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The Greatest Commandment

Aseret Hadiberot -

The Greatest Commandment

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What commandment of the Torah is the most important of all? Or, to put it another way, what is it that God requires of us? What is the purpose of our lives, and how can we fulfill that purpose?

In Matthew 22:36 we read about an "expert in the Torah" who "tempted" our LORD by asking this very question: "Rabbi, which is the great commandment in the Law?"
Yeshua replied by quoting Deuteronomy 6:5 (the Shema):

Deuteronomy 6:5

"And thou shalt love the LORD thy God with all thine heart,
and with all thy soul, and with all thy might."

Deuteronomy 6:5

In a sense, this is a restatement of the First Commandment -- and our response to the fact that God loves us and is our God. In other words, the love of God is our very first duty.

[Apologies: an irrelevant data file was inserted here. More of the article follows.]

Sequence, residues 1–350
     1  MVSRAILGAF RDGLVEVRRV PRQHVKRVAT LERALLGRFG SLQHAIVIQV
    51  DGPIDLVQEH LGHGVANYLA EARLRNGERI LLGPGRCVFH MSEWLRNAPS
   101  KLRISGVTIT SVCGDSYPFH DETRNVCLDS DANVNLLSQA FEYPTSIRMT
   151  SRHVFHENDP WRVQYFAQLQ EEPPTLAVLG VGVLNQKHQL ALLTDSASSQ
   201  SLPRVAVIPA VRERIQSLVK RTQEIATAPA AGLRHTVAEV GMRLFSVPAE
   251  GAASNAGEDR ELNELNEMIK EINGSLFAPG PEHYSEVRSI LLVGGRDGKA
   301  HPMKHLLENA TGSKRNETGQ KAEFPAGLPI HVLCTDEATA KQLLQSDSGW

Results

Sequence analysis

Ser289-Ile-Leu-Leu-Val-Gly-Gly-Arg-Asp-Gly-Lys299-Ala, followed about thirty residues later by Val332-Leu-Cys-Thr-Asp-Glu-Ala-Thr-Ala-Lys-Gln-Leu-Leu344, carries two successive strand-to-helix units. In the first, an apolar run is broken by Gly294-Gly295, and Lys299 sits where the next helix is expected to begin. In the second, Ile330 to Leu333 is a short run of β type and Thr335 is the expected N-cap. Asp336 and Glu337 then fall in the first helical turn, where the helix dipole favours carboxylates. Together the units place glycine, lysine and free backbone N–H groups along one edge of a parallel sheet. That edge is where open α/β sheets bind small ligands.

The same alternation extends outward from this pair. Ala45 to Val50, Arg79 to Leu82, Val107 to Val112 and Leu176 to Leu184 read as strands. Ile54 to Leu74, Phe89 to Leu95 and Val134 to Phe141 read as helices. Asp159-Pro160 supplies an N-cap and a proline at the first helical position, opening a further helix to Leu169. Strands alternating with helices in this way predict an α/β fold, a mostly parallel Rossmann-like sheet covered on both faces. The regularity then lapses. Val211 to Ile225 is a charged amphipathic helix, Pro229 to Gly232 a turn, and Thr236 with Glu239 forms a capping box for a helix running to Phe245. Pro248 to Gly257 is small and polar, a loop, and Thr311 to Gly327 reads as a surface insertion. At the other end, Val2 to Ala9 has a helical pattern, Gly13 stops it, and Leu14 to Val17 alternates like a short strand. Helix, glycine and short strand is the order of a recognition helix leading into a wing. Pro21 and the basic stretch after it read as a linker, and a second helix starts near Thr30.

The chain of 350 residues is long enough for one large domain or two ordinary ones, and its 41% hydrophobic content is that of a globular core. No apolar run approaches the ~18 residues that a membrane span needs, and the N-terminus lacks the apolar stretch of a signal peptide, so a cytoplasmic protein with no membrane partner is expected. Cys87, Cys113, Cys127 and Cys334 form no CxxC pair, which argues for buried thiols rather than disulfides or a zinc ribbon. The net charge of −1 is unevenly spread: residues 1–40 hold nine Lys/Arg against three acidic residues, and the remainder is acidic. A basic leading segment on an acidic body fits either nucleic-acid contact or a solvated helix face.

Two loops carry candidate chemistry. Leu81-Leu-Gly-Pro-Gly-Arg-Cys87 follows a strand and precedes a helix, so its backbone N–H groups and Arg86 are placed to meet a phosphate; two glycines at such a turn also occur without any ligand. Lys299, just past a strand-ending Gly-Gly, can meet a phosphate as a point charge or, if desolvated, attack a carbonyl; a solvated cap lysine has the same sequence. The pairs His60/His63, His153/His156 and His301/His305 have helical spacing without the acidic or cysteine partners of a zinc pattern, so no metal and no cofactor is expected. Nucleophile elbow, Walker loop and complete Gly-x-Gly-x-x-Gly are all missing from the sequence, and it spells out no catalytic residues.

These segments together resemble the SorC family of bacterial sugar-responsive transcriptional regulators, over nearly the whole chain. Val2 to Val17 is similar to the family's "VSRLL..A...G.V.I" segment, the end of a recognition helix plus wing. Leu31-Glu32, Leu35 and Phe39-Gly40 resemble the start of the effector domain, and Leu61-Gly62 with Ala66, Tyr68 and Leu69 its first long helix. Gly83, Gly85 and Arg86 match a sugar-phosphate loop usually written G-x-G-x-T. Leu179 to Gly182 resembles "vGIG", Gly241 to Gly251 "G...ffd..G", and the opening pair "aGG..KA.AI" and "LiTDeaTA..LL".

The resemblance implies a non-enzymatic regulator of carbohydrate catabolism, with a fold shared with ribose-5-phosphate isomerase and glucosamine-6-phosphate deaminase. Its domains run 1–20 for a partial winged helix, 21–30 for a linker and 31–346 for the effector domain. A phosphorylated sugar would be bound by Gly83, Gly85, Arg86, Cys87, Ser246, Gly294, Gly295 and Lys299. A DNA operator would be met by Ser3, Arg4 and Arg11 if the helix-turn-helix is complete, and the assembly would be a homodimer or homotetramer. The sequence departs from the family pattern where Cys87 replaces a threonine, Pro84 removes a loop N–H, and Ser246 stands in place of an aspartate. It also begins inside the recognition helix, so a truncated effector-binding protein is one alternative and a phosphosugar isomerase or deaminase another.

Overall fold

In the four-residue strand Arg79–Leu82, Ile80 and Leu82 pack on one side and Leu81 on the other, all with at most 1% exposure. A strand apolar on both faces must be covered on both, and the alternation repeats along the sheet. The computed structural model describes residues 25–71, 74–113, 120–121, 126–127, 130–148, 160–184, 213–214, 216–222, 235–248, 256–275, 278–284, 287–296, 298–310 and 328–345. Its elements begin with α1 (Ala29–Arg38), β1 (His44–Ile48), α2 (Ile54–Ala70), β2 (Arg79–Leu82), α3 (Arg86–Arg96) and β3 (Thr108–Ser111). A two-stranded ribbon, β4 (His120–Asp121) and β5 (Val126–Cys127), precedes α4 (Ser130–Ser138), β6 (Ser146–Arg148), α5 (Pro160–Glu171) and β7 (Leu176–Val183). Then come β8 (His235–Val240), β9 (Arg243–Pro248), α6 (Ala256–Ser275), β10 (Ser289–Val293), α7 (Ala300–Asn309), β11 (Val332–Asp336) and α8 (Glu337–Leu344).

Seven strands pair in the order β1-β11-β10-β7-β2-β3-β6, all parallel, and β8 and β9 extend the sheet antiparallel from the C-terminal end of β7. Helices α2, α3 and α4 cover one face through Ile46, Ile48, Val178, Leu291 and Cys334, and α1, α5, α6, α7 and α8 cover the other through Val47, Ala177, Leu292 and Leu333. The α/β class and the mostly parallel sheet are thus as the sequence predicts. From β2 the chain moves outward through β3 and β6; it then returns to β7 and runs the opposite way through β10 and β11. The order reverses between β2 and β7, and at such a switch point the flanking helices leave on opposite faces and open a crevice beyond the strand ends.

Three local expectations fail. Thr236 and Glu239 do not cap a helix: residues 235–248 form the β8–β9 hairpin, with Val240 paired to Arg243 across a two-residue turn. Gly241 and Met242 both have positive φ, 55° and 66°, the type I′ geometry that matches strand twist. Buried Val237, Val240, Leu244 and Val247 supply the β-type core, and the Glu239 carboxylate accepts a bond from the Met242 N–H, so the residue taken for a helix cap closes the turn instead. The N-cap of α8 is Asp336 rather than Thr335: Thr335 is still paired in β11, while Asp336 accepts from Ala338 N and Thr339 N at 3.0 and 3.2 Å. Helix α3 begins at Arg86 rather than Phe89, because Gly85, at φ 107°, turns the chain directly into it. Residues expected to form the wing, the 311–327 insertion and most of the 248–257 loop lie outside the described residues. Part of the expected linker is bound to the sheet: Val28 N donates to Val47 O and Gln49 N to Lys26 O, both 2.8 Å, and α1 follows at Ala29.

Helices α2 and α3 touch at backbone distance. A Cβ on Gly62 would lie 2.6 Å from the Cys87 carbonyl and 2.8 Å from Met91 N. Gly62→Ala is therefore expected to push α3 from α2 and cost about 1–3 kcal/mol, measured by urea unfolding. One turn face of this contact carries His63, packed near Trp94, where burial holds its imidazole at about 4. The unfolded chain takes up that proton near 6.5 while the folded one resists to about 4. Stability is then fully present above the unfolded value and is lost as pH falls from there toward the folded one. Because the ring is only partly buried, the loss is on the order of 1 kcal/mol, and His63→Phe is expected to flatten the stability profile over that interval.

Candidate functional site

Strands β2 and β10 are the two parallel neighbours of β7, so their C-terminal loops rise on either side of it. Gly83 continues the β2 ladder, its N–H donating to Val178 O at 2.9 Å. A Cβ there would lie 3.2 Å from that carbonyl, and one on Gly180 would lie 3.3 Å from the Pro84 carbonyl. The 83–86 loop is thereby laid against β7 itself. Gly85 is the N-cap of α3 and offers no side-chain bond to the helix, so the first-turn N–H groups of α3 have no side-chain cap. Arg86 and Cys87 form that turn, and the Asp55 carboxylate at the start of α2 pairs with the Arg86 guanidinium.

The love of God! Think of it! Not the knowledge of Torah, regardless of how edifying or noble; not external observances, regardless of how scrupulously or beautifully observed; not the practice of Jewish minhagim (customs), regardless of how much they might make us feel identified with God's Chosen People; not even the love of friends, as tender and warm as that may be. No. Yeshua's answer is that the greatest duty of our lives is to love God with every bit of our passion, inwardness, and strength...

When we walk in the power of the Holy Spirit and the fruit of the Holy Spirit is truly produced within us, we will not find ourselves walking contrary to the way of the Torah (Gal. 5:22-23), and the inward motivation of the Torah will be written upon our hearts
(Jer. 31:33). As Rav Sha'ul (Paul) wrote in Romans 13:10, "Love is the fulfilling of the law."

The Essence of the Ten Commandments

Love is the central idea of all true Torah. Though there are some slight language differences between the Exodus and Deuteronomy versions of the Ten Commandments, both begin with "I AM" (אָנכִי) and both end with "[for] your neighbor" (לְרֵעֶךָ). Joining these together says "I am your neighbor," indicating that the LORD Himself is found in your neighbor. When we love our neighbor as ourselves (אָהַבְתָּ לְרֵעֲךָ כָּמוֹךָ), we are in effect demonstrating our love for the LORD.  We must learn to disregard the claims of our ego and cling to the idea of chesed. So who is your neighbor? You are -- to every other soul you may encounter this day...

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